The Ministry of Environment and Forest (MoEF}on December, 2014 filed an affidavit driven by “pain, anguish and outrage” demanding stoppage of work at 3292 MW seven Uttarakhand hydropower projects, including Tapovan Vishnugad. Seven years later in 2021 it files another saying consensus reached with the power, Jal Shakti Ministry and the Uttarakhand government to continue work on these projects.

And in February, 2021 Tapovan saw flash flood killing 200 in Chamoli. After a study 53 scientists from JNU, and IIT Indore, in June 2021, found that the flood was caused by falling debris, rocks 20 metre in diameter and blocking Nanda Devi glacier leading to 27 million cubic metres of water and debris barreling down the Ronti Gad, Risigana and Dhauliganga river valleys rising 220 metres above the valley flow. This trapped workers and engineers at Tapovan. The rivers are attractive for hydropower projects but little learnt from the Vishnuprayag debacle of 2013 where for kilometres Alkananda has vanished.

The floods, landslides and forest fires are becoming frequent in the Himalayas as reckless road, rail and dam constructions, tree felling, blasting and tunneling in the fragile hills cause continuous landslides or loose rock-falls a regular affair. A Wadia Institute of Himalayan Geology (WIHG) study has found that 51 per cent of Uttarakhand is ‘high’ and ‘very high’ landslide-prone. The local aspirations and large moneys often lead to undesirable ends.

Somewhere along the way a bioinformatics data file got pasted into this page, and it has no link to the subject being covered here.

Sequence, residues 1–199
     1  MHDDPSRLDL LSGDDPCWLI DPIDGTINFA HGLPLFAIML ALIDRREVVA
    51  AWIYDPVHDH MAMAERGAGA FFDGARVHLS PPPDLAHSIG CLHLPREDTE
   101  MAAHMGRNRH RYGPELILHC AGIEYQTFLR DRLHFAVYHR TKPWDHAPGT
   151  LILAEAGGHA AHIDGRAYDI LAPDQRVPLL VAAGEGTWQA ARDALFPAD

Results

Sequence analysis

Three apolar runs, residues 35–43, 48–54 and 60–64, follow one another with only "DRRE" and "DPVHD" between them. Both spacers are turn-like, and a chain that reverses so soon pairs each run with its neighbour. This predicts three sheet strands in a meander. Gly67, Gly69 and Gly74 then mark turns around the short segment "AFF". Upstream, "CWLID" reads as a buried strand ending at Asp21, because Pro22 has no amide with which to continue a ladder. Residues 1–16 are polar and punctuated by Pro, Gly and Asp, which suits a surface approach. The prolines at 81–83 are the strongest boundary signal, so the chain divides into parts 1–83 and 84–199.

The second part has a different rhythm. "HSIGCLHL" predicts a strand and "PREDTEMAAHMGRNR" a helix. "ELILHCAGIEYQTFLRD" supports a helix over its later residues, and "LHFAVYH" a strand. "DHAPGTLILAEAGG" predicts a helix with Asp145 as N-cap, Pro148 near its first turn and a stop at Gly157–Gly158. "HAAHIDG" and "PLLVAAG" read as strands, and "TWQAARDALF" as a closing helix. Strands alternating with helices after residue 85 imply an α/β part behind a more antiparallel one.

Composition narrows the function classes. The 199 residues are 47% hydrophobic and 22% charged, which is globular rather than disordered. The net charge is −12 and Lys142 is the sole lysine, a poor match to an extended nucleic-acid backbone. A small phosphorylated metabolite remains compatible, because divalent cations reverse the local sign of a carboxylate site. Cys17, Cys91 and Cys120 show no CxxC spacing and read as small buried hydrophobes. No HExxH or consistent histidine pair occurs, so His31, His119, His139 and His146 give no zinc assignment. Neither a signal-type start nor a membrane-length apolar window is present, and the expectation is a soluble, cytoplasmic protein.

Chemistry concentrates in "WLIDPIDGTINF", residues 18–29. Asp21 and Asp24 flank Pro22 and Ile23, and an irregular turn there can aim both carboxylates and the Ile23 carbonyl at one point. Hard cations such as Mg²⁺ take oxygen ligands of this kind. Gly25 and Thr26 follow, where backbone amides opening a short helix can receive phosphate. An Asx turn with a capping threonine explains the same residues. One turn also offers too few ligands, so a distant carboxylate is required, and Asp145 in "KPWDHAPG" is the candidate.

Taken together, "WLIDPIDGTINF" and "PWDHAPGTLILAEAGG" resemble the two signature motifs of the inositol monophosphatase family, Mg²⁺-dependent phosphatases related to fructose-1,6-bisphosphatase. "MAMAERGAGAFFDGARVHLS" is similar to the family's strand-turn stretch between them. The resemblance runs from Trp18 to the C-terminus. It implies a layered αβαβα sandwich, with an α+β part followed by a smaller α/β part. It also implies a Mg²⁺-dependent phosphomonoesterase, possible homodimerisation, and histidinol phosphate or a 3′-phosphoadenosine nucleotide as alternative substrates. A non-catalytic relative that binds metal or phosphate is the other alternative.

The recent spate of activities on the higher Himalayas for creating road — railways to Karnaprayag, and comfort zones for tourism are adding to the problems. Today, most dams have only one-third the capacity of the power generation these were ostensibly built for but during rains the overflows dip the people in woes. None explains the rationale of such projects and why now being repeated in N-E.

Another side effect of the projects is 100s of kilometers of embankment constructions following the Tehri dam apprehending calamities. If the cost of these is added to the Tehri, it would be stupendous and exposes the human folly.

Policy paradigm has to recognise, National Disaster Management Authority warns, check on construction for protecting the Himalayas. It is key to boosting the sagging Indian economy be it the stocks, commodities or manufacturing.  —  INFA